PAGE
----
7 Tax Breaks You Probably Overlooked

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Most people know that they get tax breaks on their kids and on the mortgage interest they pay on their homes, but experts say many taxpayers leave a slew of other deductions and credits on the table that could potentially save them big bucks. Here are some things besides owning a home or having a child that can benefit you when tax time rolls around. 
Enrolling in higher education. When the economy went south and unemployment rose, many people decided to go back to school. Although the cost of higher education is rising rapidly, a few tax breaks take some of the sting out of those tuition bills.

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“I think a lot of people aren’t aware that if you have qualified tuition, you may very well qualify for one of the breaks,” says Jackie Perlman, tax analyst with the H&R Block Tax Institute. The lifetime learning credit gives you up to $2,000 against your tuition costs. “The good news is, you don’t even have to be in a degree program,” Perlman says, which could be a big help for anyone picking up classes on an ad-hoc basis while job-hunting. This credit is phased out above a certain income level; single filers making up to $61,000 and married filers with a combined income of up to $122,000 are eligible.

Another education credit is the American Opportunity Tax Credit, which gives up to $2,500 back for the costs of tuition and books for people enrolled in a post-secondary degree program. In addition to credits, Perlman says there also are numerous deductions available for room and board, travel, loan interest and other expenses associated with college, the qualifications for which vary and depend on income, degree and other factors.

Caring for an ailing parent. It’s a little trickier to declare a parent a dependent than a child, but it can be done, and tax experts say it’s worth looking into. “Taking care of dependent parents in this day and age is becoming more common,” says Mark Steber, chief tax officer at Jackson Hewitt Tax Service. The biggest litmus test is whether or not you provide 50% or more of their financial support. They don’t have to live with you in order to qualify; if you pay for their rent, for instance, that counts toward the total. If they are living with you, take into account “food, fair value of rent, utilities” and other day-to-day living expenses, Steber says.

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Teaching in a K-12 environment. Teachers, as well as aides, counselors and other people deemed “eligible educators” in IRS parlance can deduct up to $250 — even if they don’t itemize — for the cost of school supplies they have to buy out of pocket to stock their classrooms.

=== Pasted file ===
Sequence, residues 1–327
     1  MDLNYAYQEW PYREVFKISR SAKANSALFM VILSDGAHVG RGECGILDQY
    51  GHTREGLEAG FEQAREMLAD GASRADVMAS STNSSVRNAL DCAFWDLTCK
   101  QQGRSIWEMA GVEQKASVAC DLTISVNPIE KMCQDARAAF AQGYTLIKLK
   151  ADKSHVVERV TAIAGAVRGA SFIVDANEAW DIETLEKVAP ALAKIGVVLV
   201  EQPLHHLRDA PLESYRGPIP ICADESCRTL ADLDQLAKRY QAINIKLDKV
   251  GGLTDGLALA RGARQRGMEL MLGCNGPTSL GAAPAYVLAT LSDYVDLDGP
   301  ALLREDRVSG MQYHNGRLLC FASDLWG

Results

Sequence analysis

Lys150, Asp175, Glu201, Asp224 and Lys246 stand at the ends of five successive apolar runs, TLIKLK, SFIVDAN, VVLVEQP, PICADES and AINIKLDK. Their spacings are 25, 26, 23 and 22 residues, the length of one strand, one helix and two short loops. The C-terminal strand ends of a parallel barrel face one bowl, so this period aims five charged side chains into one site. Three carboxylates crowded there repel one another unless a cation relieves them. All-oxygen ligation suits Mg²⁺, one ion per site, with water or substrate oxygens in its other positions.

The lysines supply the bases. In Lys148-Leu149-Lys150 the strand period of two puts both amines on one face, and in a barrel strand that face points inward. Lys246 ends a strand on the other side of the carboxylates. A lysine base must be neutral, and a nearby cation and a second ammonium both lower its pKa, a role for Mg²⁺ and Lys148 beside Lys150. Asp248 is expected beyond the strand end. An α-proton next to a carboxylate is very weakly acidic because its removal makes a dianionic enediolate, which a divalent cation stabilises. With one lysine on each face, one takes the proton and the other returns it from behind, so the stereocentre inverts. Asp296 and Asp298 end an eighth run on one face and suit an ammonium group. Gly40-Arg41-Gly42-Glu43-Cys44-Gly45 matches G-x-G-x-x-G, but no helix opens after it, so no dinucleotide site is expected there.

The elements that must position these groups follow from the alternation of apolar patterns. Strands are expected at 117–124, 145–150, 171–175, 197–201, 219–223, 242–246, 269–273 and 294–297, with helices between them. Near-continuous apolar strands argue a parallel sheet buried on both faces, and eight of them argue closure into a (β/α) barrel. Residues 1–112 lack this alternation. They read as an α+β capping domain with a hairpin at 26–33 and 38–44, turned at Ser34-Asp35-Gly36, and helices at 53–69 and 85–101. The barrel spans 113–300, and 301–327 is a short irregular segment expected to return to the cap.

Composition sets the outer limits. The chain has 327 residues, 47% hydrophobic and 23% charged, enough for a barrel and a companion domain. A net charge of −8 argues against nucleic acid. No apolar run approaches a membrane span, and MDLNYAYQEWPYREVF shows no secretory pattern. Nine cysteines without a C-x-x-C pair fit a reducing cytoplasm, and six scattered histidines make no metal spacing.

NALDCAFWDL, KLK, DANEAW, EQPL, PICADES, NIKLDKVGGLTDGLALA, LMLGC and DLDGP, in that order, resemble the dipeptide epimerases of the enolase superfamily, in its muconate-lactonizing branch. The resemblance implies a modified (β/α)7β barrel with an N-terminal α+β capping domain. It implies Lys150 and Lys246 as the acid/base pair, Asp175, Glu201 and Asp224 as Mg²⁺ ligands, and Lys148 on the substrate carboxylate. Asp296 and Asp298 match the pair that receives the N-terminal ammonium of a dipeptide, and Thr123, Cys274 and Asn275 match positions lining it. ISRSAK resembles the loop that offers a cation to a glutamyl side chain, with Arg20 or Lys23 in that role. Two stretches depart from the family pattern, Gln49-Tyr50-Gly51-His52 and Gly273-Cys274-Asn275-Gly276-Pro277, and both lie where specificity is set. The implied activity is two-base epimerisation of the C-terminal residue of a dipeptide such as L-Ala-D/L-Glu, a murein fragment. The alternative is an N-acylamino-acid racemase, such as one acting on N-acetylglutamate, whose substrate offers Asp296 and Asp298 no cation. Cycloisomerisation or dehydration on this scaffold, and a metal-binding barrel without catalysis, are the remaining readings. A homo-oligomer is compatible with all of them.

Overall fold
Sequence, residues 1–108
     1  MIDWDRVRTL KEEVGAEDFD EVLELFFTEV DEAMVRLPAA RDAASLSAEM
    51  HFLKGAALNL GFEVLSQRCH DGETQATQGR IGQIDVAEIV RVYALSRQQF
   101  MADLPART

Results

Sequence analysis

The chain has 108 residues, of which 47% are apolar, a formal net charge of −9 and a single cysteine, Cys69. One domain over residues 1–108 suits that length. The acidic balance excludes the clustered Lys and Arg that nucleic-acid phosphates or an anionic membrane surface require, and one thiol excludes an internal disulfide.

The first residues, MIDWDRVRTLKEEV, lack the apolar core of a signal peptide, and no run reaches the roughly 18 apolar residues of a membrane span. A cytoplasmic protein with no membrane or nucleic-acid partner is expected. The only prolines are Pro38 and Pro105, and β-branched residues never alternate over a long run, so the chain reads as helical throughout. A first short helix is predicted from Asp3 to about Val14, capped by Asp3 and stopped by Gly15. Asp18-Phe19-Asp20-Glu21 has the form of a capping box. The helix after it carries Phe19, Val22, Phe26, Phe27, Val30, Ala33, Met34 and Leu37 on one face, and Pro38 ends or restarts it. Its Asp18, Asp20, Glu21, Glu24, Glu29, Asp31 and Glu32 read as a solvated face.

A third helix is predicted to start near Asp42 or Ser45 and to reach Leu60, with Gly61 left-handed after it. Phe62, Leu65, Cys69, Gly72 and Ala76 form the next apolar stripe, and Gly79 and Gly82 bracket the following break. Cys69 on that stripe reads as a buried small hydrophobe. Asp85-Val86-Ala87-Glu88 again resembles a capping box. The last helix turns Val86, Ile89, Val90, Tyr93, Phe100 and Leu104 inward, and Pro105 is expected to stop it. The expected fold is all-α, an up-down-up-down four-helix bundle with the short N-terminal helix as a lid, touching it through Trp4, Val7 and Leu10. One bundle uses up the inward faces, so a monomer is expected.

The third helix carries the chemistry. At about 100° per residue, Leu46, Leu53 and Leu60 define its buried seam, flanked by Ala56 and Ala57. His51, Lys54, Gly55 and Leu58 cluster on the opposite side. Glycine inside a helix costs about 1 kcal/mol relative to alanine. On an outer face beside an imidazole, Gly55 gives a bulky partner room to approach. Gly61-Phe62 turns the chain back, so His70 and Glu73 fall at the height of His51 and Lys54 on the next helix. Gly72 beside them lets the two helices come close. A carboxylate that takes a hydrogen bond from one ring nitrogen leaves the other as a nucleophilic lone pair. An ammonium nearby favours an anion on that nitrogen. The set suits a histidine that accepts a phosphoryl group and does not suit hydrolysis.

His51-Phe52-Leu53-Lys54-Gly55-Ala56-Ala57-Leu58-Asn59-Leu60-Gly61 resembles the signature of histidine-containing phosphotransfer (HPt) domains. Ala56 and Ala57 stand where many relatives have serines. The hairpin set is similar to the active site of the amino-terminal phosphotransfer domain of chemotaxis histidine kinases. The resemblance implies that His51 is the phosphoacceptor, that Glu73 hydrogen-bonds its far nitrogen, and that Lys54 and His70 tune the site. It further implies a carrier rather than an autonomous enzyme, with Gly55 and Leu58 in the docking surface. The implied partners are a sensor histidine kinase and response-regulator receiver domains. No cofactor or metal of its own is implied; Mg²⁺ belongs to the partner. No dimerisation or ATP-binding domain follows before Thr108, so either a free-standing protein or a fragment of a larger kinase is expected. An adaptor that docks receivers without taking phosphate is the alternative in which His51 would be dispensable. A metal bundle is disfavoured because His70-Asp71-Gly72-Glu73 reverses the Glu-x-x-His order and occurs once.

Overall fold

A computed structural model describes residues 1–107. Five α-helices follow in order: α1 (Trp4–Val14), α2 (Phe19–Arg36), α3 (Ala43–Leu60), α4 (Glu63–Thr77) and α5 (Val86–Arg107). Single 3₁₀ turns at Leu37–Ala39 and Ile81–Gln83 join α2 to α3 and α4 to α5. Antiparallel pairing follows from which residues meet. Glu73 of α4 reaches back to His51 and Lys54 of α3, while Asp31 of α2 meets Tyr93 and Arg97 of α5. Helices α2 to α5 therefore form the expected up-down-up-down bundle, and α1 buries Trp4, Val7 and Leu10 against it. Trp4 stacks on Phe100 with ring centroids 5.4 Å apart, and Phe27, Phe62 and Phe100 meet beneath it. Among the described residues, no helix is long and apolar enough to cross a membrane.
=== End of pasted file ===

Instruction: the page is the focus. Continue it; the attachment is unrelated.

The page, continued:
Paying for child care. “If you both work and pay for a sitter or child care facility, you’re eligible for the child care credit,” says Craig Wild, partner at Wild, Maney & Resnick, LLP. Depending on your income, you can deduct a percentage of what you pay for child care, up to a few thousand dollars per kid. Of course, keep in mind that if you deduct the cost of an in-home nanny or babysitter — even if it’s just the neighbor’s teenaged kid — you’ll be expected to pay the so-called “nanny tax” during the time you employ them.

Buying a house. “When you buy a house, you deduct all of the points in the year of the purchase,” says Dana Levit, owner of Paragon Financial Advisors. What’s more, if you buy a house and the seller pre-pays real estate costs that you reimburse them for as part of your closing costs, you also get to deduct those. If you refinance and have to pay points, you can deduct them incrementally over the life of the loan.

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Surviving a natural disaster. If your home was struck by a flood, tornado, hurricane or other calamity, the disaster related casualty loss deduction is a slim silver lining, but Perlman says it’s one many people overlook because dealing with all the other aspects of a disaster aftermath can be so time consuming. “If your area was declared a federal disaster area and you sustained losses because of that you have the option of claiming it,” she says. Loss covered by insurance is disqualified. One benefit is that you can claim this on your prior year’s return — in other words, if your home is destroyed by a flood in March of this year, you can claim this deduction on your 2011 taxes. (If you lose property or valuables due to theft, you may also be able to deduct this loss, although the rules are a little more restrictive.)

Paying state income taxes. If you itemize your taxes, you can deduct the amount you paid in state income taxes the previous year, Levit says. This could be particularly beneficial for people who live in one state and work in another state, and have to pay taxes to both.

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